Essential Oils and the Skin 4: Irritation and Allergy



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Questions and Answers

Selected questions from course participants are posted here, with answers / responses. If you would like to send in a question, write to

When discussing the Risk List and skin sensitivities to allergens – how do the chemical constituents of hydrosols compare (percentage-wise) to their parent essential oils – do they remain relatively the same or radically different? For example I frequently use hydrosols as my water base for my skin care products – would I need to dilute those hydrosols that appear on the Risk List?

Hydrosols have similar aromatic constituents to essential oils but in quite different relative proportions, and very little is known about hydrosol safety. However, since the % of aroma compounds is so low, they are not considered to present much risk. Some care should perhaps be taken with cinnamon bark hydrosol, but otherwise I would say they don’t need special attention.

Regarding patch testing, might not the collective application of 50+ substances potentiate an immune response vis a vis single substance testing?

Yes, sometimes patch testing does itself provoke an immune response. This is from p 75 of Essential Oil Safety:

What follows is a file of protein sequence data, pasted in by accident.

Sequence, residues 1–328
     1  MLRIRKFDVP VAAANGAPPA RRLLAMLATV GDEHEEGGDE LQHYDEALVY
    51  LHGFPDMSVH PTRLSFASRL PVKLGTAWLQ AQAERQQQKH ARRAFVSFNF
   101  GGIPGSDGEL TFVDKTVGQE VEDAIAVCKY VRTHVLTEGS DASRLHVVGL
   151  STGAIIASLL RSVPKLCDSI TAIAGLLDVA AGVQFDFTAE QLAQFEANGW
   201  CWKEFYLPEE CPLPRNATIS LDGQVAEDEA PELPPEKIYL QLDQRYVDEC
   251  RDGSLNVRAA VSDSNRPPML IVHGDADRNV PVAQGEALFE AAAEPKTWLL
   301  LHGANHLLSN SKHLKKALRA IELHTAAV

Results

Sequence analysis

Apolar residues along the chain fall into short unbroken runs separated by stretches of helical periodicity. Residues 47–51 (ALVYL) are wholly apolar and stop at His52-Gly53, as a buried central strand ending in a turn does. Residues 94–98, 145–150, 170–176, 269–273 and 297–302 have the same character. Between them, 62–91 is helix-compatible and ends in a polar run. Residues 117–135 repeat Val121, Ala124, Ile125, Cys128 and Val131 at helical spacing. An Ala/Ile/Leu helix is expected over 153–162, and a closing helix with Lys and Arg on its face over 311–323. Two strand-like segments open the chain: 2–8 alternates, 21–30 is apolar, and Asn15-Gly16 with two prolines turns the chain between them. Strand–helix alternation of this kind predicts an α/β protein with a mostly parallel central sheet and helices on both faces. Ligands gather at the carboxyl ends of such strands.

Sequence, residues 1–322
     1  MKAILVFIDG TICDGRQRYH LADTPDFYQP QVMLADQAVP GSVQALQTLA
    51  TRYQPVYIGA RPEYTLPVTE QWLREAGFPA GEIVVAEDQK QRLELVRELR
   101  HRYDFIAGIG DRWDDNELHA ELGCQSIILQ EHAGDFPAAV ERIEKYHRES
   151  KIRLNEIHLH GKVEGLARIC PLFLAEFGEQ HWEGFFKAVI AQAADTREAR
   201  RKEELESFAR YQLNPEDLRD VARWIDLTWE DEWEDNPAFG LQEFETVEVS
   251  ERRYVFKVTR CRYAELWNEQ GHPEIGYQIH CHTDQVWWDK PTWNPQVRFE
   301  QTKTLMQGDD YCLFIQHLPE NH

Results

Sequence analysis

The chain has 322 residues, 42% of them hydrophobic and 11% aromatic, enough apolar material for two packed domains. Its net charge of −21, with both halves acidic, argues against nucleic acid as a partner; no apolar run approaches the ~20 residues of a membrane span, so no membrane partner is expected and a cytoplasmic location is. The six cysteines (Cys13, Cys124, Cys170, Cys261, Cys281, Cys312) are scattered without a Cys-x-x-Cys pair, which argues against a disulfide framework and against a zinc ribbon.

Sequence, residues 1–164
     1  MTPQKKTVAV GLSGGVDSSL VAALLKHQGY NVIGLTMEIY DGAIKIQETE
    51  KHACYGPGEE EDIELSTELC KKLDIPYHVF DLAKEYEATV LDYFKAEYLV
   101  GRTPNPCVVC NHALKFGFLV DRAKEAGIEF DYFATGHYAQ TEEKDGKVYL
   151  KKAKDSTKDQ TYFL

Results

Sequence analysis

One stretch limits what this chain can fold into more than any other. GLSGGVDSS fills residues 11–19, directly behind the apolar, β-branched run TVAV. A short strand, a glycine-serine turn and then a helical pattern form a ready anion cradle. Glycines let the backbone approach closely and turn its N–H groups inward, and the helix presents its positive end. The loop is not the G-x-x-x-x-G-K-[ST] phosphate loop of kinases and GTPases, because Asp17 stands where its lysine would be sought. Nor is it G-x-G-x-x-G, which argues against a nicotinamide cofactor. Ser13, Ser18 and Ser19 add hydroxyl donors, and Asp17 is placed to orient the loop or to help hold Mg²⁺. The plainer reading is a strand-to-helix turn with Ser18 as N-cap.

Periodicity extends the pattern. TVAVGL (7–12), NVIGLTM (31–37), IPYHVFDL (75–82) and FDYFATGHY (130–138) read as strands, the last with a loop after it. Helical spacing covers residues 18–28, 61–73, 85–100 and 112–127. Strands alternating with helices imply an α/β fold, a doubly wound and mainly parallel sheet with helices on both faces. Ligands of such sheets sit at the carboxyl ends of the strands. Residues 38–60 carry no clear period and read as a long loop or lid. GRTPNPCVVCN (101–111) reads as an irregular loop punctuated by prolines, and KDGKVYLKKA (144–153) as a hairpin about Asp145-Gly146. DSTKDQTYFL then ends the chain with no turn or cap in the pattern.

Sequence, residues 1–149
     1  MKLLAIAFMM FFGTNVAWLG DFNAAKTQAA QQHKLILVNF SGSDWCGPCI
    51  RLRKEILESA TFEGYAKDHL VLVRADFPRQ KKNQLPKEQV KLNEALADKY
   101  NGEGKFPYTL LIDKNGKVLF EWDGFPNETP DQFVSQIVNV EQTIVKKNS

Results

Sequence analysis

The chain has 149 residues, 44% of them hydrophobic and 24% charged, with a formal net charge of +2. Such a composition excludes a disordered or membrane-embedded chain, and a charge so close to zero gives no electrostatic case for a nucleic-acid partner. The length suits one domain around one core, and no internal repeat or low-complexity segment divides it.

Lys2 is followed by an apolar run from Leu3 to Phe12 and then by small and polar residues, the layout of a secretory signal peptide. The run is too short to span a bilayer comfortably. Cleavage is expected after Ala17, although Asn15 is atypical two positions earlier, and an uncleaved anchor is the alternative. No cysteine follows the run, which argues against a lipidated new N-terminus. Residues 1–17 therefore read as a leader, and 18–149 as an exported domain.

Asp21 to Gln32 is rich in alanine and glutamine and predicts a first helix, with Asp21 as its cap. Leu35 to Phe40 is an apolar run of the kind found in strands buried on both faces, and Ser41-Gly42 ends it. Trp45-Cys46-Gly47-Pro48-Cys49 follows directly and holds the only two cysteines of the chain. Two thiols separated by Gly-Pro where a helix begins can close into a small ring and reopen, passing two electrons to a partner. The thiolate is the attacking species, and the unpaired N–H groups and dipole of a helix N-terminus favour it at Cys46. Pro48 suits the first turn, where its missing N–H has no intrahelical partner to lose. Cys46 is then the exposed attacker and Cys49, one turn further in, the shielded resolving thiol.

“Patch testing is commonly carried out using a battery of potential allergens, not all of them fragrance materials. ‘Excited skin syndrome’ (ESS), or ‘angry back’ is characterized by multiple reactions to allergens (Bruynzeel & Maibach 1986). Patients with ESS may have a disposition to develop sensitivities to unrelated allergens, and the close proximity of the patches may be an exacerbating factor (Brasch et al 2006, Duarte et al 2002b). In one analysis, ESS developed in 39 of 630 dermatitis patients or 6.2% (Duarte et al 2002a).”


Is octinoxate a derivative of cinnamon bark and if so, is 6% octinoxate safe dosage for use in sunscreens? or should I be cautious is someone has a cinnamon allergy? The 6% octinoxate is also combined with a 5% zinc base as listed as the active ingredients for sun protection.

Hi Suzanne,

Octinoxate, or octyl methoxycinnamate, is a cinnamic ester, but is not derived from cinnamon. Esters are not very reactive substances, so it probably would not be a problem for someone with a cinnamon allergy. You will find some safety information about it here but note that EWG tend to exaggerate risk.